It’s unfair to say I disliked Sun Choke, because it has a few good things going for it, but after getting around to finally watching it after about six months, I came away from it mostly unimpressed and though I wasn’t angered by it, it prompted me to take to Twitter to get a couple of things off my chest. I’ll preface this review by letting you know that it’s being written in the immediate aftermath of the Harvey Weinstein scandal. What does that have to do with this dark psychological drama? Read on …
The absolute main reason I wanted to see Sun Choke is Barbara Crampton. I’ve been a fan of hers since she broke out in two famously loose 80s adaptations of H.P. Lovecraft works – The Reanimator, and From Beyond – and I hadn’t seen her in much of anything until the haunted house story We Are Still Here. It’s ironic that part of this review is going to deal with something that never bothered me as a teen back in those days, but sure bothers me now.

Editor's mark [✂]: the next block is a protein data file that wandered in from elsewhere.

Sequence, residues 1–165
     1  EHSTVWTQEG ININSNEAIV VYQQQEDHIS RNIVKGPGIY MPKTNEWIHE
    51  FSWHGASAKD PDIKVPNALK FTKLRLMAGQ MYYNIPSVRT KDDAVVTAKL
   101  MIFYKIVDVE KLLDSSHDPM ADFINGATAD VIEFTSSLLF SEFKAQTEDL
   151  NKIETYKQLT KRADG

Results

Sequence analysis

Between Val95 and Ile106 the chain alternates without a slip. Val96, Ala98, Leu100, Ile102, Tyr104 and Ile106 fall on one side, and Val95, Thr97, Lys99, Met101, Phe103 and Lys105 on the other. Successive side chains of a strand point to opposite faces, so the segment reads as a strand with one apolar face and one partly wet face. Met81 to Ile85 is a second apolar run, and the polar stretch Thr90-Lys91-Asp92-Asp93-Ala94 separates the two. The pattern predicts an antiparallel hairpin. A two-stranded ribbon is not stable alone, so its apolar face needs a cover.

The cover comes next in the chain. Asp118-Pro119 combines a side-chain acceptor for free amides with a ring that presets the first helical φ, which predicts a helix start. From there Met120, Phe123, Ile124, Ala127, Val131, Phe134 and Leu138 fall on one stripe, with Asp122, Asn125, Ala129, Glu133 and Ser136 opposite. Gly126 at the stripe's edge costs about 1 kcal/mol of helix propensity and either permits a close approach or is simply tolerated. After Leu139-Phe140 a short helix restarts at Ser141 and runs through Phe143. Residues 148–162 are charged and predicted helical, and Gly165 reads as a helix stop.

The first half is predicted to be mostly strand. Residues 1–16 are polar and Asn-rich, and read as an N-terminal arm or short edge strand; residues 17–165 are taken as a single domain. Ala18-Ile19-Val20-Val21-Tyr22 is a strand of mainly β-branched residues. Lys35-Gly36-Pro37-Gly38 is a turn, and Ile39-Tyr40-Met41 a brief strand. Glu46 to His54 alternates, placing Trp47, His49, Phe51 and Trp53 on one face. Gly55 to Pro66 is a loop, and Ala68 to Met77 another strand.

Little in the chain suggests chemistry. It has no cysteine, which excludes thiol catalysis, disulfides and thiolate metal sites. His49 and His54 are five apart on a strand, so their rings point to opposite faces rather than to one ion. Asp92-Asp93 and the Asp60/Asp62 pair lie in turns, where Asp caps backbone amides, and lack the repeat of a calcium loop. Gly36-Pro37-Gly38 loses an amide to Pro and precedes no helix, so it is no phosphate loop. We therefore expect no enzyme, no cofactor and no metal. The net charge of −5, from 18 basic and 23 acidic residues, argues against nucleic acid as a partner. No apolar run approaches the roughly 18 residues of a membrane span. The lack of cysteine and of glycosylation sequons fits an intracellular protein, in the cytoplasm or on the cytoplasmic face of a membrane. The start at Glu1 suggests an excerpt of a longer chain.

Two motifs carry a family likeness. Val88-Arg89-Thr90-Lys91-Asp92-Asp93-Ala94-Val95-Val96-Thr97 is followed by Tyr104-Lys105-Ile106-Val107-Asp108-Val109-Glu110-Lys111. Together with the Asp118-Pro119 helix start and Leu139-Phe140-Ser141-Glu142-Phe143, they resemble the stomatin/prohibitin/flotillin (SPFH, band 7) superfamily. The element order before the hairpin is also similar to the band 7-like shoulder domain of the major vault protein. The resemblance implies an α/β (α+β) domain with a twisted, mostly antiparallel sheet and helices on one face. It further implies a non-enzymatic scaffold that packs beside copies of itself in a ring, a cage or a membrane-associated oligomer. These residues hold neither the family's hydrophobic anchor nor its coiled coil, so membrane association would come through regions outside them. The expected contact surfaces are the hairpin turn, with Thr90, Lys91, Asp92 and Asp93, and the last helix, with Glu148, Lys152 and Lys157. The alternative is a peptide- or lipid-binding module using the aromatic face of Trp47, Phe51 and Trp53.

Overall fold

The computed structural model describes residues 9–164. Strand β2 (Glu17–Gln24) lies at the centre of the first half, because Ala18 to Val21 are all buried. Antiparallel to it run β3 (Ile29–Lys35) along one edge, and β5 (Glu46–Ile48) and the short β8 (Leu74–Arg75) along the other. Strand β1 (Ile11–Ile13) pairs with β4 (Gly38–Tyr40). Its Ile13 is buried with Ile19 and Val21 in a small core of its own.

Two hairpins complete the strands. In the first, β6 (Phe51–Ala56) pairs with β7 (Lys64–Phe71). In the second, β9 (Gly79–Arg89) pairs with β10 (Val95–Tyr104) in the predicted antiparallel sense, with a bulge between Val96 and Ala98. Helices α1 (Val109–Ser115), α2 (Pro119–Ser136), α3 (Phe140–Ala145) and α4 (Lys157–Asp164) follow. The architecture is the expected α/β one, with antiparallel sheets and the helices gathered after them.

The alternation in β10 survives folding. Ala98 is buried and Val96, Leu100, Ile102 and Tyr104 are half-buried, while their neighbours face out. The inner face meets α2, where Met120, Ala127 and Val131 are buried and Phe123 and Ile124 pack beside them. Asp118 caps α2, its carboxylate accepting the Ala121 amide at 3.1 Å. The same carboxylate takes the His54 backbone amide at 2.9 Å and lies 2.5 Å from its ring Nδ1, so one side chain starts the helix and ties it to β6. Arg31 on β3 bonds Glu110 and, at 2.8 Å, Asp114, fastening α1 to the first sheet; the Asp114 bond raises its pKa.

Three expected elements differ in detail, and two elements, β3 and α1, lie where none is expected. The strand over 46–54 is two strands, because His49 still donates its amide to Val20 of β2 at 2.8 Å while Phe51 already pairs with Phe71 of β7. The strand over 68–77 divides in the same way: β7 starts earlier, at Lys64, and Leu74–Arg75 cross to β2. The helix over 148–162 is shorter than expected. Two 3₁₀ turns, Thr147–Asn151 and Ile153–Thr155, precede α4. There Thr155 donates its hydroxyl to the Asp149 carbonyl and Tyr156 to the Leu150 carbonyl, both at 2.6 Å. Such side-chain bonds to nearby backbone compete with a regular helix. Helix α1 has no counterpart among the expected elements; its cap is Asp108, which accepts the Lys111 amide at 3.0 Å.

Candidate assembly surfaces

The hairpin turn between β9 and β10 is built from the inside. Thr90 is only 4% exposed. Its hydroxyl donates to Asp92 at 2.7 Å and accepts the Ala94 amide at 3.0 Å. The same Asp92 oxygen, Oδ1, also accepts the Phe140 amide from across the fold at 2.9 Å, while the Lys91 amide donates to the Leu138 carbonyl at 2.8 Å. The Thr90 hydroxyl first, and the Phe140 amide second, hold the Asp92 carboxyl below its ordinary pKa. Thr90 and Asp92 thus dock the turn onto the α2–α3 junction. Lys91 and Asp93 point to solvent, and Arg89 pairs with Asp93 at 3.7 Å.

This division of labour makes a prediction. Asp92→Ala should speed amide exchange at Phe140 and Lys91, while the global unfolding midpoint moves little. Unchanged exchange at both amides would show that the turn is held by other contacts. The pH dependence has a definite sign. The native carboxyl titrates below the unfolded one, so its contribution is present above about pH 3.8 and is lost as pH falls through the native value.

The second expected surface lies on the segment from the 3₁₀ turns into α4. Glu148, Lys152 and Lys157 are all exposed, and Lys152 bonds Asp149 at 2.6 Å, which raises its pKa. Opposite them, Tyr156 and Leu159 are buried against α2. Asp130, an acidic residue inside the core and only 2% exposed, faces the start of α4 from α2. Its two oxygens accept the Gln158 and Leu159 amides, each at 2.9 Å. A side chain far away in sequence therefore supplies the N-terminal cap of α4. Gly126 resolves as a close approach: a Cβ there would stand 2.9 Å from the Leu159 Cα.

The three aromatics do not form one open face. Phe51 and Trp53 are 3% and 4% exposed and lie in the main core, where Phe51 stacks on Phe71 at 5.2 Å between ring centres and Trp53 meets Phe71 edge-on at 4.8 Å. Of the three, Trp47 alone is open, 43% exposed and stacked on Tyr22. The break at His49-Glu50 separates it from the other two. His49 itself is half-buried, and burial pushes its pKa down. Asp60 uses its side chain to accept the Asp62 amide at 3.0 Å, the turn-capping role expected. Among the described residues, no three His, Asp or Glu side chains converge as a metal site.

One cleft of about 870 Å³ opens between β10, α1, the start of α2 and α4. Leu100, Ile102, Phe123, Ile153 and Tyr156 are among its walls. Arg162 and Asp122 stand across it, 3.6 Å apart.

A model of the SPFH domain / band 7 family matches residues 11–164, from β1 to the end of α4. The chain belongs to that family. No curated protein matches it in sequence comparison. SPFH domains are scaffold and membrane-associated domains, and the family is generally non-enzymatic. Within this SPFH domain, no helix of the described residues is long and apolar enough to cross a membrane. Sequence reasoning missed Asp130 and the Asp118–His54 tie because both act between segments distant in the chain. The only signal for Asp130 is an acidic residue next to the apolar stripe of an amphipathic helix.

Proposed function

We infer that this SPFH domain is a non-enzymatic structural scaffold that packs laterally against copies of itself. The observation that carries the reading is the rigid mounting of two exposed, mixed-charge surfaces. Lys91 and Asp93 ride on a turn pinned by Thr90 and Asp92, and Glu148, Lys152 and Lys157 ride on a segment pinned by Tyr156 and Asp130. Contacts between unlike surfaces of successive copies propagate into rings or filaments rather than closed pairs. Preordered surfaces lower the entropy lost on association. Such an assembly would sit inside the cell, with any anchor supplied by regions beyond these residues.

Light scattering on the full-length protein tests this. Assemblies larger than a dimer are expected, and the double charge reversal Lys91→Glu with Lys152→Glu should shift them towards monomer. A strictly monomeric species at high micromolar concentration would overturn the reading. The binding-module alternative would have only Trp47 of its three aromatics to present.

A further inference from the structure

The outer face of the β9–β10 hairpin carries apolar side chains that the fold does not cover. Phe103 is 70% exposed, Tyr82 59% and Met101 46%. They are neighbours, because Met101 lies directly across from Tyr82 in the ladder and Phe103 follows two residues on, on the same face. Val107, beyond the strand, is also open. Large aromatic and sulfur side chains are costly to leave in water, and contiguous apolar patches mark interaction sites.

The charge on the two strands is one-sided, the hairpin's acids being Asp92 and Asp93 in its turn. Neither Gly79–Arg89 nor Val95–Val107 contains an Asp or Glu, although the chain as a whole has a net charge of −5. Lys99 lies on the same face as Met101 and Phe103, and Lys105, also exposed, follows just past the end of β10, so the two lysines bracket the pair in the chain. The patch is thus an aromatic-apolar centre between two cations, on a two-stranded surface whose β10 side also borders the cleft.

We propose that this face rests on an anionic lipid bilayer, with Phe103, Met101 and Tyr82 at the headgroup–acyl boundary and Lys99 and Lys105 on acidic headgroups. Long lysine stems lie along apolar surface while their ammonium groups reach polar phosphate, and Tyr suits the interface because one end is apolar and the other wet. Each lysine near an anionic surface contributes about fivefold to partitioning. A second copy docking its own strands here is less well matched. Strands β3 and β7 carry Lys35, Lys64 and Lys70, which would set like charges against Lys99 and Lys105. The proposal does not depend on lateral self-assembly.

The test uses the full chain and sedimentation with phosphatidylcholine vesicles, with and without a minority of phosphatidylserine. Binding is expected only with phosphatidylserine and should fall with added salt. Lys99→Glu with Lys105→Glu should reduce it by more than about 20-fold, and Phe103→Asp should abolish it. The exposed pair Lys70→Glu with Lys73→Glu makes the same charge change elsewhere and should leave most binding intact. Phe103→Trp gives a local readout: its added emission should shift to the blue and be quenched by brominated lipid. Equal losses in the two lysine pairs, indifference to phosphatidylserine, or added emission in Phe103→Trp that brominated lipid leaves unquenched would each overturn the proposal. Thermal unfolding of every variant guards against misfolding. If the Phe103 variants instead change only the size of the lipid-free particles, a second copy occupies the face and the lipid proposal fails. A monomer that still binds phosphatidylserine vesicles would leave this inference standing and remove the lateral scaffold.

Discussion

Sun Choke tells the story of Janie (played by Freaks and Geeks alum Sarah Hagan), and her tortuous therapy sessions at the hands of Irma (Crampton), described in the movie as a “caretaker”, but the role she plays is essentially a live-in therapist, helping Janie recover from what appears to have been a complete mental breakdown some time in the recent past. The methods are unconventional to say the least, and like me you’ll wonder how effective they can possibly be. Wonder away! You’ll find that it doesn’t really matter why the treatments seem bizarre, because there is no explanation of them, or even the nature of Janie’s breakdown, but soon into the movie she’s deemed able to venture back outside the confines of the sterile, pale, post-modern mansion where most of the movie takes place. On her first time out (oddly enough, she’s not chaperoned by Crampton), Janie becomes obsessed with Savannah, an attractive young woman she spots while driving around. It’s abundantly clear from this scene that whatever condition Janie’s suffering from, it’s not even close to being alleviated by her bizarre, controlling therapy, and thus Irma’s credibility in the movie is badly corroded. Over the course of a few excursions outside, Janie’s secretive obsession becomes all-consuming, leading to a strict escalation of her treatment that moves from “therapy” to physical torture at the hands of Irma, and to Janie’s overly aggressive pursuit of her new interest.